Some interesting new info picked up in Mark Brown’s Industry News Update today via Drinks Business in the story below. Sandy definitely has his finger on the pulse of the consumer, particularly those at above-casual-dining level. I think the “stories” thought is particularly important. Think teasers or short stories on the back label, with links online (from/to?) more online. Example. Wine profiles are UGC (user generated content) on Snooth, one of the more popular wine websites which gets 1.5MM visitors per month. Brand owners control the message and can integrate marketing into the profiles. You could institutionalize stories in Snooth, content which can then get scraped or promoted out to other reference sites such as the many apps that are gaining traction in the US.
Repeatable/tweetable/postable anecdotes can turn an unfamiliar wine into an in-the-know recommendation.
One addition to the trend list…we’ve seen a steady and significant growth in the popularity of red blends.
Napa forum MW asks ‘is wine still cool?’
30th June, 2014 by Catherine Seda Bugue
A group of 80 winemakers, winery marketing representatives and media gathered at the Harvest Inn in Napa Valley’s St. Helena this month for the second annual Wine Conversations: A Global Tasting and Marketing Forum.
Sandy Block, MW, Legal Sea Foods Beverage Director (higher end, East Coast restaurant chain) started by apologising for the negative outlook he was about to share. While wine sales look bright, Block says, there is strong competition in the east coast restaurant market from craft beers and spirits. Cocktails are considered ‘cool’ by the front line gatekeepers, restaurants’ servers. Many of them are in their 20s and find cocktails exciting, leading to recommendations in this beverage category. With beer, their seasonal offerings (i.e., summer blondes, spicy and nutty autumn brews) are particularly popular, giving that beverage segment an added boost. Plus, with each of these other categories, there is no need to learn vintages or worry about corked wines.
Is wine still cool?, Block asked employees across numerous Legal Sea Food restaurants. Those on the front line are not so sure. Staff comments from the survey show they believe:
- you need specialised knowledge to recommend wine
- wine is difficult to learn; a bother
- wine is a grown-up drink, not fun
- it is too expensive to learn about wine
On the other side of the table, surveys of guests by Legal Sea Foods show that diners want an experience they can’t easily duplicate at home. They believe anyone can buy a bottle of wine, but not everyone can make today’s fancy cocktails at home, so they order cocktails when they dine out.
The desire for experiences and entertainment by diners is a culinary trend that followed the market downturn in 2008, says Block. Before the crisis, the restaurant industry worked under the belief that restaurants existed to provide sustenance – great food and wine. Not anymore, he says. Restaurants are in the entertainment business. Key elements now include: socializing, interaction, and entertainment by staff.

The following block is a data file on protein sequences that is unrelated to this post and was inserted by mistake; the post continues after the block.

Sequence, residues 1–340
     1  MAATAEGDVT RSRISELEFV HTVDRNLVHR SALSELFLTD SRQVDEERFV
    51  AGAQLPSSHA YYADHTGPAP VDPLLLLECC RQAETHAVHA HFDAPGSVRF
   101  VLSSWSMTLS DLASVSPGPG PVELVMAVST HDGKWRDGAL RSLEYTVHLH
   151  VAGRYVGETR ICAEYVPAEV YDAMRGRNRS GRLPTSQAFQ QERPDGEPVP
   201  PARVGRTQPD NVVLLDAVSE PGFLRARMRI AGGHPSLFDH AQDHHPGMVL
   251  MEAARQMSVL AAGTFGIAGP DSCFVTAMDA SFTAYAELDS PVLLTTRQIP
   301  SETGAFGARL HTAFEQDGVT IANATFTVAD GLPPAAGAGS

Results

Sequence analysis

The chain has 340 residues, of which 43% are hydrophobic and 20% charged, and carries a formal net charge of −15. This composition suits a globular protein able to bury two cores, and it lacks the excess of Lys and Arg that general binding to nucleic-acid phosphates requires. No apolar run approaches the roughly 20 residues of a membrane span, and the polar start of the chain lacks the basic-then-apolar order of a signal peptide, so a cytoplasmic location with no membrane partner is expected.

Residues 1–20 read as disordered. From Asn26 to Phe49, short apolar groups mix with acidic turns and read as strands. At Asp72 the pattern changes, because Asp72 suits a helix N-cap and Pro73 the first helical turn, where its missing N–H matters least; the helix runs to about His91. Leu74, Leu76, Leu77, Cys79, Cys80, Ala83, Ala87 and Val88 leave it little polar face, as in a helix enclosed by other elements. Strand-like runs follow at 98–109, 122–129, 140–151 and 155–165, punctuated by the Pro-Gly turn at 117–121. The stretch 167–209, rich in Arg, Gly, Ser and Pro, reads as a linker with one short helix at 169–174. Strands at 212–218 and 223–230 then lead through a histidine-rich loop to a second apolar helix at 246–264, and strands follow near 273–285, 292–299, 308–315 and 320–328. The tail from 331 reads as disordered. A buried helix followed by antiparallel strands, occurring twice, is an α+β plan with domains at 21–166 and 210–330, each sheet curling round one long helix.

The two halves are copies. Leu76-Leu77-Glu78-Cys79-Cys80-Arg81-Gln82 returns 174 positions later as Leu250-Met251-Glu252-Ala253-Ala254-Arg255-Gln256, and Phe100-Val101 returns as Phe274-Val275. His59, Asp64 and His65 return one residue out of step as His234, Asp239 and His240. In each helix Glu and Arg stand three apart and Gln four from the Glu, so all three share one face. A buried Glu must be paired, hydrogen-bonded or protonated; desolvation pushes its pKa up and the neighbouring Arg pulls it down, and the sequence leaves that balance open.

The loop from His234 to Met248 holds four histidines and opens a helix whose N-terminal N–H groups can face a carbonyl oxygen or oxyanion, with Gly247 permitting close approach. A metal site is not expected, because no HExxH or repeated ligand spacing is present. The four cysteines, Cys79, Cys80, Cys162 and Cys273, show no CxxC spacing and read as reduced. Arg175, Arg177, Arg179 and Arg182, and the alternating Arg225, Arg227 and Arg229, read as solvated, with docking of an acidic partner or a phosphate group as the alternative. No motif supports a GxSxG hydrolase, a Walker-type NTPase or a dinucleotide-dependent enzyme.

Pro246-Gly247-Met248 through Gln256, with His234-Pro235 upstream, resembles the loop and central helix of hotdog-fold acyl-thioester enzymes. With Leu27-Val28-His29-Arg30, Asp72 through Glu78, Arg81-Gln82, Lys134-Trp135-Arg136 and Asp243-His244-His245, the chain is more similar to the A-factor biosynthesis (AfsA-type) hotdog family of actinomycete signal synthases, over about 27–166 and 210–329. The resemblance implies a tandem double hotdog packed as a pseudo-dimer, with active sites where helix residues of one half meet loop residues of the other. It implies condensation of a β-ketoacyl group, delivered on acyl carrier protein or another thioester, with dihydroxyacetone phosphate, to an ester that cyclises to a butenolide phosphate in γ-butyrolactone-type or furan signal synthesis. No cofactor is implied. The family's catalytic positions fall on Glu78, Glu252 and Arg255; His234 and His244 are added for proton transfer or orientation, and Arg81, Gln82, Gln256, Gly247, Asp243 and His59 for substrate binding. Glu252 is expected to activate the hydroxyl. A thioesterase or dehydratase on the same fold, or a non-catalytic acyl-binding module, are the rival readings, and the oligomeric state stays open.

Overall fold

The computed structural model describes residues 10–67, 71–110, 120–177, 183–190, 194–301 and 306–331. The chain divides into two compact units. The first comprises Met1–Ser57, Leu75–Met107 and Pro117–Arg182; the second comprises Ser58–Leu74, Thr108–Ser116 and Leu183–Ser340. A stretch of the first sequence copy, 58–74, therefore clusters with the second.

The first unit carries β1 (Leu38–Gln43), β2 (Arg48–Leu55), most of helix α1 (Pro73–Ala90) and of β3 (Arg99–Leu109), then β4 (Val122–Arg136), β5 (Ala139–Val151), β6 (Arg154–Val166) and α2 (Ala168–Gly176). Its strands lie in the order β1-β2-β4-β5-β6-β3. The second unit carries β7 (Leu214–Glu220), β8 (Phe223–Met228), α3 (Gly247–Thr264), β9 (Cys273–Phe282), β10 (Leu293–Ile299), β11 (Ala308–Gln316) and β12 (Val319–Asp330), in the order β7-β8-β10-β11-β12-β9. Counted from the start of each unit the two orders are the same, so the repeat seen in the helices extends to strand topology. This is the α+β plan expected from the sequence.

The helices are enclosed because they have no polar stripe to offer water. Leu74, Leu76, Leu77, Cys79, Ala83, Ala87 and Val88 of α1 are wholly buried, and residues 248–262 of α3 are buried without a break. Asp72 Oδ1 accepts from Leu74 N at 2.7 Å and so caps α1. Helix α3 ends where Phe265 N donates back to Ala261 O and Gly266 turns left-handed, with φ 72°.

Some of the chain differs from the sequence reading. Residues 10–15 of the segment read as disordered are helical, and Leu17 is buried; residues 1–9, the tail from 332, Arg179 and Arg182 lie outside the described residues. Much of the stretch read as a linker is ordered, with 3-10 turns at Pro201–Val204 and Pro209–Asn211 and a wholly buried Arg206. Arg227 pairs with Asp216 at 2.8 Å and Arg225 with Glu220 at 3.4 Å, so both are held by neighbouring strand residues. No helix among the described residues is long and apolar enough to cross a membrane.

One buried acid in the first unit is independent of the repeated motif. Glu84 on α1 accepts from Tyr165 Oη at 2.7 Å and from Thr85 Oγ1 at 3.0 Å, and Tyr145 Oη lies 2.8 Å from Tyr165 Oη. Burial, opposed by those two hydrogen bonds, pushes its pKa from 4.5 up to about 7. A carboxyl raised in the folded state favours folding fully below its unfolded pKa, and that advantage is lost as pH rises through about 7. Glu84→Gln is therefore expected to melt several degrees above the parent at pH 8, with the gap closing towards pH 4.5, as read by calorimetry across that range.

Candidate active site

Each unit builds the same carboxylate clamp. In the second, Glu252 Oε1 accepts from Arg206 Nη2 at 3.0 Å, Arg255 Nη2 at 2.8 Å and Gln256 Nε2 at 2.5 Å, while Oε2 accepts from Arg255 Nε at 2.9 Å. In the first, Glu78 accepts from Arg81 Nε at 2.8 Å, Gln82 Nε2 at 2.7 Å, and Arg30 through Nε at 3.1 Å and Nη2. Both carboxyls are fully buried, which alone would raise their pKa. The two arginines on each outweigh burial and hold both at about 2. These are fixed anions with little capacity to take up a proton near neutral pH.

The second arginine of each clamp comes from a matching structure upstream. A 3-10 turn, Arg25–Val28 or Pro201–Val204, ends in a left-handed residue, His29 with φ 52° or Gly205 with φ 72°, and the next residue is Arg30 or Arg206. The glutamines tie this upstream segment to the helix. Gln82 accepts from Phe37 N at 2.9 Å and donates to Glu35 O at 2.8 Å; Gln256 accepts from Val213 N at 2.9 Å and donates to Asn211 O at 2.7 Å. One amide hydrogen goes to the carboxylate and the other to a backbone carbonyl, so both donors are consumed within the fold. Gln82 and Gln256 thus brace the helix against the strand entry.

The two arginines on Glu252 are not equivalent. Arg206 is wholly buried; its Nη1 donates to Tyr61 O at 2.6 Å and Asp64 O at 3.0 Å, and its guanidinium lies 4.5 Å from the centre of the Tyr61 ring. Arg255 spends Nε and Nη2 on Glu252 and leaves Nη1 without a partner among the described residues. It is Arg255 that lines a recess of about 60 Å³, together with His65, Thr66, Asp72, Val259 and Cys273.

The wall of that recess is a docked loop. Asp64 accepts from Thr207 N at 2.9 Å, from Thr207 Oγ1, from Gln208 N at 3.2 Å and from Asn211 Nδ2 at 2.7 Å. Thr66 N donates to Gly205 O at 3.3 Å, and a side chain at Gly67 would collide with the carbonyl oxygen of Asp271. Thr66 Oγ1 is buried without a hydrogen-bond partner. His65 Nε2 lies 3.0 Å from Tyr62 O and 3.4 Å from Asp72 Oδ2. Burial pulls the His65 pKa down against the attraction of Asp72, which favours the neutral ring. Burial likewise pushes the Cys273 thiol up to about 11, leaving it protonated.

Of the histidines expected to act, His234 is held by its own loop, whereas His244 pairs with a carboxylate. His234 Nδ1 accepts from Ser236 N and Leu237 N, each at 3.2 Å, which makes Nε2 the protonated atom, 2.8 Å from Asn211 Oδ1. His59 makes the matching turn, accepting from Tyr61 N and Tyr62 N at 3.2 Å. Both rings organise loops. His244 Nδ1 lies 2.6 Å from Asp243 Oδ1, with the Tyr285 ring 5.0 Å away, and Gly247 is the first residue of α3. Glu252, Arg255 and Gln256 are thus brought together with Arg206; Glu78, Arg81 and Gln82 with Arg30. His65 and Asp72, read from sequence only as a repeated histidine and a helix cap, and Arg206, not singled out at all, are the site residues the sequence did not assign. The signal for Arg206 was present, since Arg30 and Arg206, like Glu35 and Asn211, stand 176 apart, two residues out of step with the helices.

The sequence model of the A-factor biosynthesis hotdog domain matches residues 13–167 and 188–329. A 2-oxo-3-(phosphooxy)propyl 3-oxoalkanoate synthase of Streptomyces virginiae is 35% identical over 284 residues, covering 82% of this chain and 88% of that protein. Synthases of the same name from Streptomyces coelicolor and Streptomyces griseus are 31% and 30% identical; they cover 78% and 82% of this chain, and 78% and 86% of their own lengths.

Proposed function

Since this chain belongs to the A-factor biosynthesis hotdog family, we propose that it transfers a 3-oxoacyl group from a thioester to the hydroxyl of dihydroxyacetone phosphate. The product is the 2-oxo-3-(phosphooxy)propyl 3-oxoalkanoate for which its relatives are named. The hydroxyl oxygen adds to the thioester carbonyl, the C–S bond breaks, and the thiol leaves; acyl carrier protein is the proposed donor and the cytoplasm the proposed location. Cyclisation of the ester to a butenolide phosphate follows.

Customers want memorable experiences; they want to watch their cocktails being created (all the better with a bit of theatric flair) in what Block calls ‘the new era of cooking table-side.’
In addition to visualising beverage creations, Block said guests are looking for stories, and conversations with the servers and other restaurant staff. They want ‘take-away’ snippets that they can later share with friends. The conversation can be as simple as a beverage recommendation, something to retell friends over the same drink at some future get-together.
Providing a few factual numbers, Block says that Americans currently eat one-half of their meals out of the home. The annual number of restaurant visits is 60.66. Chain restaurants are 73% of the total visits.
As shared by Block, the percentage of wine sold in restaurants as opposed to other beverages:
- 2007 51% by value, 23% by volume
- 2013 44% value of U.S. sales, 19% vol total U.S. sales
(Beverage Info Group, 2013)
Finishing with five-year tends garnered through sales at Legal Sea Foods, Block noted:
- Blandness is out – which means pinot grigio is out. Sales are down -22%
- Sauvignon Blanc is up 33%, and continuing to rise
- Chardonnay is down -6% and continuing to decline
- Merlot is down – 40%
- Shiraz is down -55%
- Malbec is up 59% but levelling off and showing some decline
- Pinot Noir is up 31% (deemed flavorful)
- Cabernet Sauvignon is up 22%
- Bubbles are up 42% and rising.
- Tasting flights are in.
- Half bottles are hot (note to producers: Legal Sea Foods would sell more if they could get more).
- When wine is displayed at the bar, wine orders go up; they are a conversation piece. Wines, not just spirits and liquors, sell more when they are visible.
- No one seems to be excited about wine on tap – there is no conversation about it, good or bad. Consumers are looking for quality and natural products; they don’t care how it comes.
- Don’t brand push; people hate it. Memorable stories will stick.
- Winemaker dinners remain popular, despite the negative outlook on wine in general; meeting a winemaker is still a big draw for consumers as it gives them a great story to tell.
- All about ‘authentic, natural’ – consumers want natural beverages